When you speak to a group about the topic or genre of your book, you want to make a connection with your audience and you want them to connect with one another. If they sit apart from one another, they are individuals either for or against you. Yes, against you. Some people come to your presentation with a chip on their shoulder and they are daring you to knock it off. In other words, “Tell me something I don’t know and that I can actually believe.”
Note: I find that this is actually rare. It happens and I think it is important to mention. But, unless your book and your talk cover something quite controversial, you’ll find most of your audience members congenial, alert and eager to hear what you have to share.
I suggest that you try to bring audience members who are spread all over the room closer together—invite them to come forward and take some of the seats toward the front, for example. Some will and some won’t. A few people will move one row closer. Others won’t budge.
Even if audience members sit apart, you can still pull them together and create an atmosphere of camaraderie, which will greatly enhance your presentation. Here are a few ideas:
• For a smaller group, ask them each to introduce themselves and their projects related to the theme of your talk or their interest or experience in the topic.
• Ask what they’ve come to learn from the session. Some might reveal a problem they’re having. Encourage audience input.
• If someone asks a question or expresses a desire for additional resources or information, respond, but also consider solicit comments from the audience. People will begin to connect. I’ve seen it happen so often.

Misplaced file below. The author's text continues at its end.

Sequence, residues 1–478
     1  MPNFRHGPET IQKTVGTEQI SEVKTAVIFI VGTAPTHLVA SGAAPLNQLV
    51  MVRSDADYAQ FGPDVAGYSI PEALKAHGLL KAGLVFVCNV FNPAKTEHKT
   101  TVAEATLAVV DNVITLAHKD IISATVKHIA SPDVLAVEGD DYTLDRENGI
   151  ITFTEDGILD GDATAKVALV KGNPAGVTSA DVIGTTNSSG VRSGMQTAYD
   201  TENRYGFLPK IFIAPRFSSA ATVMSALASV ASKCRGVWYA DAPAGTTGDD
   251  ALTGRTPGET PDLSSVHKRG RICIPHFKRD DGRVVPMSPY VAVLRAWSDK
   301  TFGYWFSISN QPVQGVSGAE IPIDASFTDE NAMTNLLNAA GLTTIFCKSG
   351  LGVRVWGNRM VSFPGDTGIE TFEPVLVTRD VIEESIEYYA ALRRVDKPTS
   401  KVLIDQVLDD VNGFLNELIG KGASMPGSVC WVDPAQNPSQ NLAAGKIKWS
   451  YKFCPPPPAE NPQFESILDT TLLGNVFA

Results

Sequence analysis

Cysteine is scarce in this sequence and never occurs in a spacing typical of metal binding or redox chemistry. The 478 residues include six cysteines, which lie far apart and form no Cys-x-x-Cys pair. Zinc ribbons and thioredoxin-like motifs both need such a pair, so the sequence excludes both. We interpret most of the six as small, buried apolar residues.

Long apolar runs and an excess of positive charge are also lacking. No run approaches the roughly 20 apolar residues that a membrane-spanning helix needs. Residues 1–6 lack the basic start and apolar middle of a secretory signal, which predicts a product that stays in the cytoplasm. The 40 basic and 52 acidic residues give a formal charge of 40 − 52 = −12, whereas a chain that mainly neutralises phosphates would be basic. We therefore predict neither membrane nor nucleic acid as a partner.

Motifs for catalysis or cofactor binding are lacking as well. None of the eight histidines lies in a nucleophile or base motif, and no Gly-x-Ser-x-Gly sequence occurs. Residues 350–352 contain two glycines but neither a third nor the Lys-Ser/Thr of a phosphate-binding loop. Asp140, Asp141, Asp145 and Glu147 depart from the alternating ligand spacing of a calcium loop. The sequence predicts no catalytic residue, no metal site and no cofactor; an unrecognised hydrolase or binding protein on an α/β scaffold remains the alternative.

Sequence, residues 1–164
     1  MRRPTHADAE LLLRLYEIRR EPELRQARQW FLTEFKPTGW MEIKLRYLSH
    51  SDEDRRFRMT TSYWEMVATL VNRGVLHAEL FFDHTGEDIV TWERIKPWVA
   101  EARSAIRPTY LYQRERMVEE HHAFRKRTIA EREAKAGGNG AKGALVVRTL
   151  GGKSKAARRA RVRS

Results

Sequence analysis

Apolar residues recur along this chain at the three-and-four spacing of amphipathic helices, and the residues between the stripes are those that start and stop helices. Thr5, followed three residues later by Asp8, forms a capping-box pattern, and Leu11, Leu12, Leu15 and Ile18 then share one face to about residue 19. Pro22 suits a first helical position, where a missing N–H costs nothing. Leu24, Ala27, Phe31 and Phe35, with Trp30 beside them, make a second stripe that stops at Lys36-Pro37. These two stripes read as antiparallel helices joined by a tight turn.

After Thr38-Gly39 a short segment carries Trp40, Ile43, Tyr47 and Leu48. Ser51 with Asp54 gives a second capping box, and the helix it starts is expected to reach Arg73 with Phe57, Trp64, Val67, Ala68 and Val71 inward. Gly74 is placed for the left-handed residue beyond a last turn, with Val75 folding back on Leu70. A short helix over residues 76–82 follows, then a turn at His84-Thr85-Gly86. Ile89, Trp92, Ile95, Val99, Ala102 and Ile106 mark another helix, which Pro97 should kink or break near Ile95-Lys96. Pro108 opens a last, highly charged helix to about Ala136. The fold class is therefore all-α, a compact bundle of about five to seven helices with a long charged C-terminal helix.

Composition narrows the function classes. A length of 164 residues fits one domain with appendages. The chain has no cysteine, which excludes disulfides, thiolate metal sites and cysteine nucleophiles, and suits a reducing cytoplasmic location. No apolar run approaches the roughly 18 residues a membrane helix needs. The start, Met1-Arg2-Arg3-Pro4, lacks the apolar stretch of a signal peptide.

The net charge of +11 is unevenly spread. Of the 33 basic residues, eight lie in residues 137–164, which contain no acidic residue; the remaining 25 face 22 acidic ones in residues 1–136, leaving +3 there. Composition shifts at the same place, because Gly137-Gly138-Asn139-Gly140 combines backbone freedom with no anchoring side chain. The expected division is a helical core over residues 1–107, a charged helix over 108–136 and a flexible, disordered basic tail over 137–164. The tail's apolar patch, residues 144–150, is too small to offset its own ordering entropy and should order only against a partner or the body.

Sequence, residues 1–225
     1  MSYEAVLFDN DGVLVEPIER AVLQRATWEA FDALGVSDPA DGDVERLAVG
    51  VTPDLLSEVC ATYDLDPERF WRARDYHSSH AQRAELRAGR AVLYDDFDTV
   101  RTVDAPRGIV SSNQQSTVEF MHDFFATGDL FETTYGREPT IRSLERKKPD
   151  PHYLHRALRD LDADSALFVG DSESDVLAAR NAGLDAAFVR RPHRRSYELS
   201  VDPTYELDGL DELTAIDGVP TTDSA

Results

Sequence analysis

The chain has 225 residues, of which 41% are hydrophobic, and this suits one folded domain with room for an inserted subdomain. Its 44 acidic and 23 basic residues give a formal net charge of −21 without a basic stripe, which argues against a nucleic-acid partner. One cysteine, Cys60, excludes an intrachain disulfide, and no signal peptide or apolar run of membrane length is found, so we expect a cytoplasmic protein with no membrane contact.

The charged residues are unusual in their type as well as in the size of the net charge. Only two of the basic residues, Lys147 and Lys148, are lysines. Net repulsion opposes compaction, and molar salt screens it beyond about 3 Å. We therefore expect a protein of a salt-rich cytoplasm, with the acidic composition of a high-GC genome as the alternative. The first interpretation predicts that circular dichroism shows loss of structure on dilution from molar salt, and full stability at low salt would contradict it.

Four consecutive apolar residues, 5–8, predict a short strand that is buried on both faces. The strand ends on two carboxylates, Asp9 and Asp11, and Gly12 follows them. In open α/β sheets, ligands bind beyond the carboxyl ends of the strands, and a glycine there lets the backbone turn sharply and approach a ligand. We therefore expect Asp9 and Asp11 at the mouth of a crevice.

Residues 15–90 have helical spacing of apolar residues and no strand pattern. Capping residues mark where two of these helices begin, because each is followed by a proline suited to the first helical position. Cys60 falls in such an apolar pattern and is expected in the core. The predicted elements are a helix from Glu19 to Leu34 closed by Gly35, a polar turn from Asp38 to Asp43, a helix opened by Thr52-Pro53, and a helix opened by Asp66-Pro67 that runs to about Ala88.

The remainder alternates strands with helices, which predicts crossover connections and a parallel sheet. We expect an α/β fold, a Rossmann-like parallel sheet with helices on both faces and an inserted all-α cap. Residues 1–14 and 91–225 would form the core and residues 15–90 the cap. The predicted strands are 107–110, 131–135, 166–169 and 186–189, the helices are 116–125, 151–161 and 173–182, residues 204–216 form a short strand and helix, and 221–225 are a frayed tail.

• If there is time, at some point in the program, assign an exercise that requires audience members to come together in groups—something that depends on teamwork. Try to make it fun.
• Present a challenge to audience members at large—something that requires discussion among the entire group—again, something light, so you get them laughing together.
• Once some of the audience members have revealed something about themselves with relationship to the theme of your talk, mention it a time or two throughout your presentation. Say, for example, “Just as Sonny said earlier, ‘some cats are more trainable than others.’ Does anyone have a cat as stubborn as the one he described?” or “Angie told us that she plants her sweet peas in December—does anyone else have success doing this?” This will endear the individual to you and, again, help to create a connection between him or her and the rest of the group.
This is excerpted from the book I am currently working on—Talk Up Your Book. In the meantime, be sure to order your copy of my newest book, Publish Your Book at Amazon.com or at my website: http://www.matilijapress.com